Noe Interactions Between One Residue And The Next Residue In The Sequence

Using DQF-COSY and TOCSY we can link all of the protons within a single spin system, which corresponds to a single amino acid residue. We can classify each spin system as a pattern of chemical shifts unique to one amino acid or as a member of a class: AMX or five spin. In order to get sequence-specific assignments, however, we have to have some way to correlate protons in one residue to protons in the next residue in the sequence. For unlabeled proteins this is done by NOE interactions: certain protons in one residue are constrained by the peptide bond to be close in space to certain protons in the next residue. These NOE correlations are called sequential or "i, i + 1" because they correlate a proton in residue "i" with a proton in the next residue in the sequence, residue "i + 1." Specifically, we expect to see NOE correlations between Ha of residue i and HN of residue i + 1 (Fig. 12.15) and sometimes between the H protons of residue i and the HN of the next residue. Because the DQF-COSY and TOCSY spectra correlate protons within a residue, we can move from


Figure 12.16

Hn of residue i + 1 to Ha of residue i + 1 via the J coupling. This sets us up for the next sequential NOE "jump" from the Ha of residue i + 1 to the HN of residue i + 2 (Fig. 12.16). This is similar to the "walk" along a carbon chain using COSY data, except that now we alternate between NOE interactions (2D-NOESY) crossing the peptide bond (a dead end for J couplings) and J couplings (2D-COSY) to move to the next residue's Ha. Using this strategy we can "walk" along the polypeptide backbone and directly "read off" the chemical shifts of each Ha and HN, assigning them to specific residues in the protein. These sequential NOEs, known as "a,N" and " j,N" NOEs, are directional and will not be seen in the other direction: Ha (i) ^ HN (i - 1). The geometry of the peptide bond only brings the Ha into proximity with the next residue's HN (i ^ i + 1).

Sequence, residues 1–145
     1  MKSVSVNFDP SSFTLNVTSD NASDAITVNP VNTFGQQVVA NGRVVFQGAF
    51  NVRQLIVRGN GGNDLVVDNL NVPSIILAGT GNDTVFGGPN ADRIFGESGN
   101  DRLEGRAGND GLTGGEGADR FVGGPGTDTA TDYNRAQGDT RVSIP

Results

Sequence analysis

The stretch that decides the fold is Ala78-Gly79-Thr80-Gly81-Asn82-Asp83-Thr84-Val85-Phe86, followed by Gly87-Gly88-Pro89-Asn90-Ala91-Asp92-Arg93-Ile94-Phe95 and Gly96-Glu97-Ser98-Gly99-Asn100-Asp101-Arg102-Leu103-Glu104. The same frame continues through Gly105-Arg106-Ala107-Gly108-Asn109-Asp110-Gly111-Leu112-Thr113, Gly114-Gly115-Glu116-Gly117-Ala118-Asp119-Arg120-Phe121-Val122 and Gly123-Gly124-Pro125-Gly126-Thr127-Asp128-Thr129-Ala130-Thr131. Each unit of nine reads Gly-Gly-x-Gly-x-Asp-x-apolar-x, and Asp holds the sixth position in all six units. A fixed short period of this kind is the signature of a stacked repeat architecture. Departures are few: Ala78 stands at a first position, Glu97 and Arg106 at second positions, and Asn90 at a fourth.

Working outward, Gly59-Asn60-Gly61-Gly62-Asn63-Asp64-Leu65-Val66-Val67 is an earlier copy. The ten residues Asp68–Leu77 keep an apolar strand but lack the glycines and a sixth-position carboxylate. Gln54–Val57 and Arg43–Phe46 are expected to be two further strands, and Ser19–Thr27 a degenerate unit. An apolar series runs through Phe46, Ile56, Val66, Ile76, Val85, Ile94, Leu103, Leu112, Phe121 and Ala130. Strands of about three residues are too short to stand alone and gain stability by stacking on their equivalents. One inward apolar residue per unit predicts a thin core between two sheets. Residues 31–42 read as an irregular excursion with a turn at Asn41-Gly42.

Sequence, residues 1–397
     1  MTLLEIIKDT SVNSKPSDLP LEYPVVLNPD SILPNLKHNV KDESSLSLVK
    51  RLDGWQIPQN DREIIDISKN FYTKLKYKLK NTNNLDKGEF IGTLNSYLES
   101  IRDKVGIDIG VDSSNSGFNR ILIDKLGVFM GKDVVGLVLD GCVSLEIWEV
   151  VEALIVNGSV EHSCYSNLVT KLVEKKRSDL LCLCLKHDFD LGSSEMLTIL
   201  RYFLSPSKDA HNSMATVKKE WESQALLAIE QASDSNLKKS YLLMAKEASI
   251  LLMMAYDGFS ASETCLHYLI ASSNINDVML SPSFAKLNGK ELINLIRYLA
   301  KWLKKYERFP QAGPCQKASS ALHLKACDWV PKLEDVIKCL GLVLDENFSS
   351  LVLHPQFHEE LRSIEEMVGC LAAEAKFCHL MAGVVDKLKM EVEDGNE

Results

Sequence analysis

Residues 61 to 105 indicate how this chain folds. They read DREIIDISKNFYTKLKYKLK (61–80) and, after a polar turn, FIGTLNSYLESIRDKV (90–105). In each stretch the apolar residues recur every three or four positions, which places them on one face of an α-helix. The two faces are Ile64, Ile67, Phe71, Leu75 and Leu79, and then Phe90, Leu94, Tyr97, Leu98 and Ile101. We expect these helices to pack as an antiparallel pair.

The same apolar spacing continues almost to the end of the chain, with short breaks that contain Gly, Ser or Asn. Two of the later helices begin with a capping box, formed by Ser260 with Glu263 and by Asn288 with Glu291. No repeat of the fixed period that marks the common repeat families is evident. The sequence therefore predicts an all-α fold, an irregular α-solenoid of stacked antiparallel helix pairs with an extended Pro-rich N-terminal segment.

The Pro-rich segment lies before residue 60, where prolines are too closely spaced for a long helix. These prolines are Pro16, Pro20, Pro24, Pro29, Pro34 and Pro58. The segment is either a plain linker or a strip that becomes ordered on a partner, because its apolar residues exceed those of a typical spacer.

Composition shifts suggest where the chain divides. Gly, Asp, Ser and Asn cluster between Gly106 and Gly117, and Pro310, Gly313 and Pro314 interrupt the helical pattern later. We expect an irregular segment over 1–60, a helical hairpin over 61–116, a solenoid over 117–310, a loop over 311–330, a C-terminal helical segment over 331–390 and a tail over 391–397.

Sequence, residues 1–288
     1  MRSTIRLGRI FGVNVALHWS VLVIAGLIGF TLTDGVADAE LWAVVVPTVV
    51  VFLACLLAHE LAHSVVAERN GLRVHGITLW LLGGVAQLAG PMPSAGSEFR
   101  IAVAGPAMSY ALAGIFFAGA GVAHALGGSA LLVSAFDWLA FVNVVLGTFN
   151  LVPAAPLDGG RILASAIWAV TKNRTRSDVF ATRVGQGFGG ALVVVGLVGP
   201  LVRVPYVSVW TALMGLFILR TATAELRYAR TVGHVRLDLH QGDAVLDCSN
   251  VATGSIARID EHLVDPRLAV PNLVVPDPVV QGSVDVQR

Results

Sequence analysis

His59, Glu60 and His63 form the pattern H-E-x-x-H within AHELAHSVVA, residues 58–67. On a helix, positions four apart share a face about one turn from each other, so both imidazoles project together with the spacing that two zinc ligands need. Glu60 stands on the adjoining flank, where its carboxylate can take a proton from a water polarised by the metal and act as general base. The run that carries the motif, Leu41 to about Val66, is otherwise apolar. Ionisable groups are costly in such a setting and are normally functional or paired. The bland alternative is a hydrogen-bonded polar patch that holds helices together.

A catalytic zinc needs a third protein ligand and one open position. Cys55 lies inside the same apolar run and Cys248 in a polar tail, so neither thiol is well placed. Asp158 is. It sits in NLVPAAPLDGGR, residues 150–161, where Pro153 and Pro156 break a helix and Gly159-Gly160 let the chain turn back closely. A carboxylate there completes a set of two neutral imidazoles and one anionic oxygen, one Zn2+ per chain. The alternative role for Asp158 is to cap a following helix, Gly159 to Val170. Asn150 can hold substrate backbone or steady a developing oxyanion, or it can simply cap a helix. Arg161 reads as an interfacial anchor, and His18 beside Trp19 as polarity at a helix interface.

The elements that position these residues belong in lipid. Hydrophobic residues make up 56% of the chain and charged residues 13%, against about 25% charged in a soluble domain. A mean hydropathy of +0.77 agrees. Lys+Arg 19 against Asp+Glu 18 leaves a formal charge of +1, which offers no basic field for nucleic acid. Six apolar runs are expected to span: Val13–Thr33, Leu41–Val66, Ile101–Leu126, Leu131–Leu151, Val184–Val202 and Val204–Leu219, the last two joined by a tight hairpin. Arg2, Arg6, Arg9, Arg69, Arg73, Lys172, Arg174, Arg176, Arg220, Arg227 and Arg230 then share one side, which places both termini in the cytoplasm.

Sequential a,N and j,N NOEs are commonly very strong for extended conformations such as the extended strand of a j sheet (Fig. 12.16). The Ha of residue i is clearly very close to the HN of residue i + 1, but the HN of residue i is farther away from HN of residue i + 1 (the N-H vector points in the opposite direction), so the sequential "N,N" NOE is weak or missing in this conformation (Fig. 12.15). In contrast, the a-helix conformation (Fig. 12.17) orients all of the N-H vectors in the same direction so that the HN of residue i is now close to the HN of residue i + 1 in space. Within an a-helix we can "walk" along the peptide backbone directly using only the NOESY spectrum, using J-coupling information (COSY and TOCSY) to link each HN chemical shift to a specific spin system associated with an amino acid (unique pattern) or amino acid category (AMX or five spin). In the a-helical conformation the Ha of residue i is farther away from the HN of residue i + 1 (Fig. 12.17), so the a,N (and j,N) sequential NOEs are weak or missing. This is a nice consequence of the secondary structure: j -sheet regions will give strong sequential a,N crosspeaks in the NOESY spectrum and weak or missing N, N(HN ^ HN+1) crosspeaks, whereas a-helical regions will give strong sequential N,N crosspeaks and weak or missing a,N crosspeaks. It is always an added bonus if the primary sequential NOE observed (e.g., a,N in a j -sheet) can be confirmed with a weak sequential NOE of the other type (e.g., N,N).

Figure 12.18 shows a portion of the F2 = HN, F\ = Ha region of the NOESY spectrum of B. subtilis HPr, a phosphotransferase that uses an active-site histidine side chain to transfer a high-energy phosphate group. A large number of sequential Ha (i) ^ HN (i + 1) NOE crosspeaks are shown. The HN chemical shifts are indicated by vertical dotted

Figure 12.17

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